Wednesday, October 16, 2013

Posted by Ashley on 12:39 PM 1 comment
I recently got a Nutribullet and I absolutely LOVE it. It makes smoothie prepping super easy, and it doesn’t leave chunks, pulp or seeds in the smoothies either.



For more information about the Nutribullet as well as featured recipes, I have attached a link below to the manual that comes with the purchase


Here is the recipe for the MORNING GOOD smoothie J It’s packed with great minerals and nutrients, and will boost your metabolism to ensure a great energy-packed day.

INGREDIENTS:
Handful of Kale or Spinach
1 Banana
1 Apple (skin on, core out)
6-10 Pieces of Pineapple
5-10 Strawberries
Tablespoon of Flax Seed
Tablespoon of Pumpkin Seed
Juice (optional) or Water
Ice Cubes



The first step in creating this is adding a handful of either spinach or kale
*I like to add this first so then the rest of the ingredients can push down the leaves, so you have more room to work with

Add all of your prepped fruit and seeds in, and fill up about 2 cups of juice or water
Blend this for at least 30 seconds, then add ice and blend for another 30 seconds…until the consistency you want is reached

ENJOY J


Alright, now to break it down and explain how all of these ingredients BENEFIT you:

Kale/Spinach

First of all, it’s important to note that kale delivers more than twice the calcium than spinach. But both of these leafy greens contain powerful antioxidants and help protect against many cancers and diseases. They are also great for detox cleanses and boosting your immune system. They also have anti-inflammatory properties!

Bananas

Provide energy through the high content of healthy carbs and potassium, promotes cardiovascular health, natural antacid effects which protects against stomach ulcers, digestive/colon health, balanaced mood & brain health, improved nutrient and mineral absorption, improves kidney health and supports your immune system.

Pineapples

Pineapples are an excellent source of manganese as well as vitamins C, B1 and B6. Pineapples are also good sources of copper and dietary fiber. Pineapples have anti-inflammatory properties and they help with digestion. They contain an enzyme, bromelain, which helps break down protein.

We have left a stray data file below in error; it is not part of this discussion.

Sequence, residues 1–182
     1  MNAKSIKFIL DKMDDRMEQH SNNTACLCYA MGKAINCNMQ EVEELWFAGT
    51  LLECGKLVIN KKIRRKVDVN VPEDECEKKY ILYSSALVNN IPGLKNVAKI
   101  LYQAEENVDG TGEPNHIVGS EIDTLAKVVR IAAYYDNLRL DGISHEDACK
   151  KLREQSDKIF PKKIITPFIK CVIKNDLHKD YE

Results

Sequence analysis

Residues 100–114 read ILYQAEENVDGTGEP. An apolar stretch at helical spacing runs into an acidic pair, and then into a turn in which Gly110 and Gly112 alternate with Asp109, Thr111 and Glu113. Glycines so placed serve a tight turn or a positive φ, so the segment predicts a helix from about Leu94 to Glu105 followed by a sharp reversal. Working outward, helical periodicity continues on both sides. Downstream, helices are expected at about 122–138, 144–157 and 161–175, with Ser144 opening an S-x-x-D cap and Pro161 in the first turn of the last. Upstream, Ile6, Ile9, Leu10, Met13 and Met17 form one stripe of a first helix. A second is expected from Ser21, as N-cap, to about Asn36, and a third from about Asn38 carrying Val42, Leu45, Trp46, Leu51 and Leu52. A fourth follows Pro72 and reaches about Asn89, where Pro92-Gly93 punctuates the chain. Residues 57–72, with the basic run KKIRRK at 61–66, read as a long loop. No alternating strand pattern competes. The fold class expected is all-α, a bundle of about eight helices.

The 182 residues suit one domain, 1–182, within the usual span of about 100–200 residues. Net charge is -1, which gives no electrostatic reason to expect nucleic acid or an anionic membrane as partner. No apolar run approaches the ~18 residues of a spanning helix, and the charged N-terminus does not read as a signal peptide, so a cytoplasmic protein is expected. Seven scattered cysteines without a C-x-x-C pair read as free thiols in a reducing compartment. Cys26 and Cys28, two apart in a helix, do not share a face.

Apples (with skin)

Apples are a good source of fiber, vitamin C and antioxidants. Studies suggest that apples may protect against osteoporosis and Alzheimer’s disease. Apples may help prevent lung, breast, colon and liver cancer. Apples are shown to lower cholesterol, help manage diabetes and help with weight loss. Apples are a heart-healthy food and support lung function. Some studies have shown that pregnant women who include apples in their diet have a lower risk of giving birth to children who develop asthma. Also, studies suggest that children with asthma who drink apple juice regularly show reduced symptoms.

Strawberries

Packed with vitamins, fiber, and particularly high levels of antioxidants known as polyphenols, strawberries are a sodium-free, fat-free, cholesterol-free, low-calorie food. They are among the top 20 fruits in antioxidant capacity and are a good source of manganese and potassium. Just one serving -- about eight strawberries -- provides more vitamin C than an orange.

Flax Seed

First, flax is a great source of fiber. Most Americans do not get enough fiber in their diet. Each tablespoon of flax contains about 8 grams of fiber. This helps keep the bowels regular. Because of all the fiber, be sure to start slow (say, with a half-teaspoon) and build up. Otherwise, you may experience bloating.
Second, flax is a plant source of omega-3. Once again, most Americans are short on their omega-3 fatty acids. These essential fatty acids ("essential" meaning they must be consumed because our bodies don’t make them) play an important role in the anti-inflammatory system of our body. Flax contains the shorter chain omega-3 called ALA (alpha-linolenic acid). Thus, it is not a replacement for fish or fish oil supplements that contain DHA (docosahexaenoic acid) and EPA (ecosapentaenoic acid.)
Third, flax contains lignans which reduce the risk of breast cancer in women and prostate cancer in men. The lignans alter the way your body metabolizes estrogens into safer forms.
As if this wasn’t enough, flax  has been shown to reduce hot flashes in menopausal women. To reap the benefits, this requires a daily dose of 2 tablespoons. And flax can normalize the menstrual cycle by supporting the second phase (the luteal phase).

Pumpkin Seed


Raw pumpkin seeds provide a rich source of fiber, a type of carbohydrate that prevents constipation and benefits digestive health. The seeds also boost your intake of protein -- each ounce of seeds provides almost 9 grams of the nutrient. You also increase your mineral intake when you eat pepitas. The seeds contain iron, a mineral important to red blood cell function, as well as potassium, phosphorus, zinc and magnesium. Because fiber, protein and minerals are not destroyed by roasting, these nutrients are found in roughly equal amounts in both raw and roasted pumpkin seeds.

1 comments: